"A bitterly divided House gave preliminary approval [Friday] to a controversial plan by Republican leaders to allow oil and gas drilling as close as three miles from Florida's beaches." "Offshore drilling passes first hurdle in House".
Armed and chauffeuring
The Miami Herald editorial board notes that "the number of police officers that commissioners have at their disposal has tripled since 2002; and the cost of having these officers chauffeur commissioners around South Florida has climbed to $743,845 from $211,000 annually. In too many instances, the officers serve little purpose other than to accumulate hundreds of hours of unnecessary overtime pay." "Pols who need ride should call a taxi".
"Florida Senate approves bill to track prescription drugs". See also "Senate votes to track pain pills" and "'Doctor shopping' bill passed in Florida Senate".
Truth be told ...
"Former Hillsborough County Commissioner Brian Blair claimed in a lawsuit filed in March that current Commissioner Kevin Beckner had damaged his reputation during their campaign last year."
Beckner responded in court papers Friday, saying Blair couldn't be defamed because his reputation is disreputable."Beckner calls Blair's reputation a 'discredit'".
In support of that argument, Beckner's lawyers presented 24 exhibits that included newspaper articles, ethics complaints and a 25-year-old sheriff's report, all meant to show Blair in a bad light.
Big of him
"State Senate President Jeff Atwater responded Friday to criticism about secretive budget negotiations, saying that he may propose rules to make the process more open." "Atwater hears calls for openness".
Carlos Saladrigas, chairman of the Cuba Study Group: "By lifting all restrictions on family travel and remittances to Cuba, President Obama fulfilled a key campaign promise, did the right thing, but also made a very smart strategic move. These restrictions never made any sense, as the United States should have never been in the business of dividing families. That's the Cuban regime's doing." "Much more needs to change".
Frank Calzon, the executive director of the Center for a Free Cuba: "President Obama is right that the ball is now in Raúl Castro's court. President Obama insists on maintaining the embargo but lifting some restrictions opens up the way if, as the president hopes, Havana responds in kind. It is emblematic of U.S.-Cuban relations that Havana demands concessions and when they are made, responds by saying they are not enough." "Will Havana reduce repression?".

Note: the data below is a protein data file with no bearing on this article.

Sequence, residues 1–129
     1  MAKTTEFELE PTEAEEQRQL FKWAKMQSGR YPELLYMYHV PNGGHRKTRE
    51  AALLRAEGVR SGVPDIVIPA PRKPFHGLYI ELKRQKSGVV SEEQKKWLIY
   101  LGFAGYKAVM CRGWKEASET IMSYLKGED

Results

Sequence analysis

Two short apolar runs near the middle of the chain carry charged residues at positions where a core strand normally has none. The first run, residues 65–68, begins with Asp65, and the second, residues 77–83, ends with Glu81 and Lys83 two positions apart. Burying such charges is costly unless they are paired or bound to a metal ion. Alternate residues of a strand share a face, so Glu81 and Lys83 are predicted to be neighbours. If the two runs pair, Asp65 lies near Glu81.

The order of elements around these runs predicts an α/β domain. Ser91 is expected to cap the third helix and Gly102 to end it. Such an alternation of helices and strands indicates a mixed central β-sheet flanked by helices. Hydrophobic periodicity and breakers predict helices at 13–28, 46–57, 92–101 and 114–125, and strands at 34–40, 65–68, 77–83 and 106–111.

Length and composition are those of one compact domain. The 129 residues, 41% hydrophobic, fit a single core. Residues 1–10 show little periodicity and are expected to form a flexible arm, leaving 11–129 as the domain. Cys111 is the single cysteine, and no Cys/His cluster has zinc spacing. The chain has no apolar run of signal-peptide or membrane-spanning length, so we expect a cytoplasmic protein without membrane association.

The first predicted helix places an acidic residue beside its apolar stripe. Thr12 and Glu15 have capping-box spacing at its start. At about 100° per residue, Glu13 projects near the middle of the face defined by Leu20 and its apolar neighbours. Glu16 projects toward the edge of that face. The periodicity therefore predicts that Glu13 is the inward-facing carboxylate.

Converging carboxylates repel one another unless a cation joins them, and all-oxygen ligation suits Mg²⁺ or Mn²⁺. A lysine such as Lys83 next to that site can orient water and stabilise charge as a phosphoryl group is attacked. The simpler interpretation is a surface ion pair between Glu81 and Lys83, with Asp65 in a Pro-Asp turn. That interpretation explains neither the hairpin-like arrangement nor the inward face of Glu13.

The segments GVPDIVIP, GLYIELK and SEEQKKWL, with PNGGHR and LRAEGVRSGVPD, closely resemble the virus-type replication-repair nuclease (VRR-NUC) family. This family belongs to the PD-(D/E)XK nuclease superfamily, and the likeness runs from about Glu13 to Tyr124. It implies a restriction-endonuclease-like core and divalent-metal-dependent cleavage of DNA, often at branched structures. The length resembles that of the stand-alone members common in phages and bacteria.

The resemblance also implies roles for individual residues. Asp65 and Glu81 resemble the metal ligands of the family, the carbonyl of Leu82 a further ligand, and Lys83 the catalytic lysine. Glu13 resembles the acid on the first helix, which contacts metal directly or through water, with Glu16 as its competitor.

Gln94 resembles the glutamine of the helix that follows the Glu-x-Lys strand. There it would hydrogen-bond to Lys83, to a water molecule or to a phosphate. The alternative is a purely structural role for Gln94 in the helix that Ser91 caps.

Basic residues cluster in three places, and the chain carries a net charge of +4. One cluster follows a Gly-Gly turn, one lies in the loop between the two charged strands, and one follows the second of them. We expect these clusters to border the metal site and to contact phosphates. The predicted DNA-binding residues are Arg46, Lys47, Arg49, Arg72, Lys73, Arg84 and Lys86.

Waiting on a handout
The Tallahassee Democrat editorial board: "Somewhere in the Capitol, there are a few individuals — including our governor — who have reason to believe that Florida school districts will be granted an 11th-hour reprieve through several short-term infusions of cash. Should this venture succeed, Florida may be spared catastrophic cuts to its K-12 public education system. But if any part of it fails, our luck will have finally run out." "At the ready".
"Dosal Tobacco gets good news from Florida House leaders as workers protest a possible tobacco surcharge in Tallahassee". "Opa-locka tobacco firm wins reprieve on extra 45-cent tax".
Welcome to Orlando
"More porn shops, strip clubs for Orlando?".
Mommy catches a break
"Orlando Commissioner Daisy Lynum did nothing wrong when she called the police chief in the middle of the night as her son was being pulled over by a patrolman, the Florida Ethics Commission ruled Friday." "Orlando Commissioner Daisy Lynum cleared in ethics case over son's traffic stop".
Josh Culling, the state government affairs manager for the National Taxpayers Union, rides his one trick pony this morning: "Proposed cigarette tax hurts everyone".
Whoop - dee - doo
"Prompted by reports of nepotism and lax financial controls, the Florida Senate unanimously passed a plan Friday to make Florida's more than 360 charter schools more accountable in their classrooms and on their financial statements. Charter schools, which are publicly funded but privately operated, would no longer be able to hire and do business with relatives, and they would be forced to communicate students' academic performance even when the state does not give the schools a letter grade." "Charter-school crackdown advances in Tallahassee".
The majesty of the Legislature
"Age raise for Florida watercraft operators defeated".
"Florida Senate OK's $30.76M award in case against BSO".
Paintballers go to the jury
"Closing arguments in Fla. terror trial of 6 men".